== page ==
Big Isle group wants
ditch water for Waipio
A community association filesBy Pat Omandam
petition to increase water flow
With the Waiahole Ditch controversy in its final phase, the state Commission on Water Resource Management now faces another issue over use of ditch water, this time in Waipio Valley on the Big Island.
The Waipio Valley Community Association filed a petition yesterday with the Water Commission to increase the amount of water flowing into eight valley streams, to help alleviate a water shortage in the valley.
Members also want the commission to return unused water flowing in the Lower Hamakua Ditch and the Lalakea Ditch. Combined, the two ditches divert an average 32.5 million gallons of water per day from the streams -- more than the Waiahole Ditch. The ditch water was used for sugar irrigation in Hamakua, but has been flowing unused into the sea since Hamakua Sugar Co. shut down its sugar operations.
"We're asking the Water Commission to restore to the streams in Waipio Valley the water that is currently running through the Lower Hamakua Ditch and not being used," said Paul Achitoff, managing attorney for the Earthjustice Legal Defense Fund, formerly known the Sierra Club Legal Defense Fund.
"Since Hamakua Sugar went out of business a few years ago, almost none of the water in the ditch is being used, but they're still running it through the ditch," said Achitoff, who called the loss of water "unconscionable."
The streams involved in the petition include Alakahi, Kawainui, Ko'iawe, Wailoa/Waipi'o, Waima, Hakalaoa, Lalakea and an unnamed tributary of Lalakea Stream. The association wants to restore water flow in these streams for taro farming and growing flowers, as well as for raising crops, animals and fish, including o'opu (goby fish), opae (shrimp) and hihiwai (mollusks).
Unlike other areas in the Hamakua District, farmers say there are no alternative sources of water available in Waipio valley and that there is no substitute for naturally flowing streams.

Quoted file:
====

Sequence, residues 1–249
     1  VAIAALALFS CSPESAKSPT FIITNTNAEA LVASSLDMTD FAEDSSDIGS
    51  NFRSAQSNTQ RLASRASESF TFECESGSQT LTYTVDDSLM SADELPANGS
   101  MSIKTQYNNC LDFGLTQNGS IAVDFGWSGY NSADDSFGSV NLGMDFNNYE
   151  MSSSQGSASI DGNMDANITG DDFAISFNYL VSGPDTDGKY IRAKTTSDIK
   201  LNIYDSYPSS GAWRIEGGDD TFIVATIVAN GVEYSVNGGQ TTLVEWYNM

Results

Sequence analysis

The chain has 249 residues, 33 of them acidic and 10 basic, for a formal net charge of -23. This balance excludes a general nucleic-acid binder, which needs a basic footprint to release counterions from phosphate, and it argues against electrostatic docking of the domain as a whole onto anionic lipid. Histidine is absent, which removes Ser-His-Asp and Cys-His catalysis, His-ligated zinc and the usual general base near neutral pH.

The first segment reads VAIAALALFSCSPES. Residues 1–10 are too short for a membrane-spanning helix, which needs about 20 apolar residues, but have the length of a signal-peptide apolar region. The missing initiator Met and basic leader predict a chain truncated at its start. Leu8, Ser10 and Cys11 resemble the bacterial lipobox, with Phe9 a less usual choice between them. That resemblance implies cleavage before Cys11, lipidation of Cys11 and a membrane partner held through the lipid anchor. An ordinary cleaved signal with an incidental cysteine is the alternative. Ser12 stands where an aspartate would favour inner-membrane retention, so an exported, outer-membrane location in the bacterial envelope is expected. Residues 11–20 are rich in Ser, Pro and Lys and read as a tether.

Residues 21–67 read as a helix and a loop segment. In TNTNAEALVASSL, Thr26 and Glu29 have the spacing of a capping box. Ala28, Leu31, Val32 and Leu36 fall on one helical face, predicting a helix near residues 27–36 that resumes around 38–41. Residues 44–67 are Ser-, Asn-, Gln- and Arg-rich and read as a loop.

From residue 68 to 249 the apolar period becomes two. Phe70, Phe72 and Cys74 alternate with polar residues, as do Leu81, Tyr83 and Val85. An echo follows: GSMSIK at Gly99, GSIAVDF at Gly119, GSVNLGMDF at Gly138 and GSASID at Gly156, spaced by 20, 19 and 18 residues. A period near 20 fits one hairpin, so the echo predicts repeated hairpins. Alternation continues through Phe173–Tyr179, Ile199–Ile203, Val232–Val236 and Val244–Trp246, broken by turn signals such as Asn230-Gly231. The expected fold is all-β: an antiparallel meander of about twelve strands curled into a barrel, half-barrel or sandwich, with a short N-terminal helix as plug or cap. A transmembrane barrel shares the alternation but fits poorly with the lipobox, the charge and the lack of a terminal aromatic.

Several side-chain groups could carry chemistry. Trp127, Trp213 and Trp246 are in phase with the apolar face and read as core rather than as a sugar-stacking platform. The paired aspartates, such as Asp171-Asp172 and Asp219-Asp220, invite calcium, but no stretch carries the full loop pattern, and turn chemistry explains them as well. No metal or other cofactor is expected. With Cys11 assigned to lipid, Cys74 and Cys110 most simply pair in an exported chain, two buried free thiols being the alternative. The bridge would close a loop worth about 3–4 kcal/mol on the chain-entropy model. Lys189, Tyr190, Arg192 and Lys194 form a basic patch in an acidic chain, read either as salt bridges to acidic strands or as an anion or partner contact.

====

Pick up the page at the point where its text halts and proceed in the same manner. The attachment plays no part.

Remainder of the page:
They added that during normal- and low-flow periods, all the water in four of the streams is diverted to the Hamakua ditch, leaving the stream beds dry.
"For decades, the environment has suffered as Waipio Valley streams were drained for sugar," said Chris Rathbun, a taro farmer and member of the association.
"Now is the time to ask for some of the water back, and sharing is possible as long as the environment, Hawaiian practices and water rights in the vally are given first priority."
Jim Cain, another taro farmer, said as stewards of Waipio, "we must restore stream flows so that taro cultivation will continue for generations to come."
The state water code allows people such as farmers and native Hawaiian practitioners to petition the commission to change stream-flow standards based on compelling public need.
The association wants the commission to set sufficient flows for these streams, restore unused water from the ditches, as well as eliminate the loss of water from cracks due to disrepair of Lower Hamakua Ditch. Achitoff said that ditch, which has an average flow of 30 million gallons per day, hasn't been maintained since the sugar company closed.
Governor petitioned over waterBy Pat Omandam
commission adviser's firing
Supporters of former state Deputy Attorney General William Tam today are expected to send a petition to Gov. Ben Cayetano, asking that he remove the "cloud of suspicion" that hangs over Attorney General Margery Bronster's recent firing of Tam.
The communitywide petition, which was also circulated among attendees at an Office of Hawaiian Affairs meeting yesterday, said Bronster's actions against Tam -- who served the state Commission on Water Resource Management for 16 years -- not only unfairly maligned his reputation, but seriously jeopardizes the independence of the water commission.
Supporters feel Tam's absence will delay work on controversial cases such as Waiahole Ditch, which is pending a final decision, while a new counsel learns the intricacies of water law and the background of water issues in the state.
"In simple terms, Bill Tam's firing has created the appearance of impropriety," the letter read.
"How can the attorney general, who appeared before the Water Commission in the Waiahole Ditch case on behalf of the Department of Agriculture and others, and who criticized the commission's preliminary decision, fire the commission's counsel in the middle of its deliberations?," it read.
Cynthia Quinn, special assistant to the attorney general, said her office is aware of the petition, but she doesn't not know what it says. Quinn said Tam was dismissed last month for misconduct.
Quinn stressed Tam's workload at the water commission has been assumed by other deputies, some of whom had worked with Tam on the Waiahole Ditch case.
Other questions supporters want answered include:
Whether the commission was consulted prior to Tam's removal.
Will Bronster allow the commission to pick its own counsel? If so, can it pick Tam?
Common Cause Hawaii took the lead in circulating the letter and petition, according to an Oct. 20 memo from Common Cause Executive Director Larry Meacham.
"Please join us in expressing your support for Bill Tam and the independence and integrity of administrative decision-making," Meacham wrote.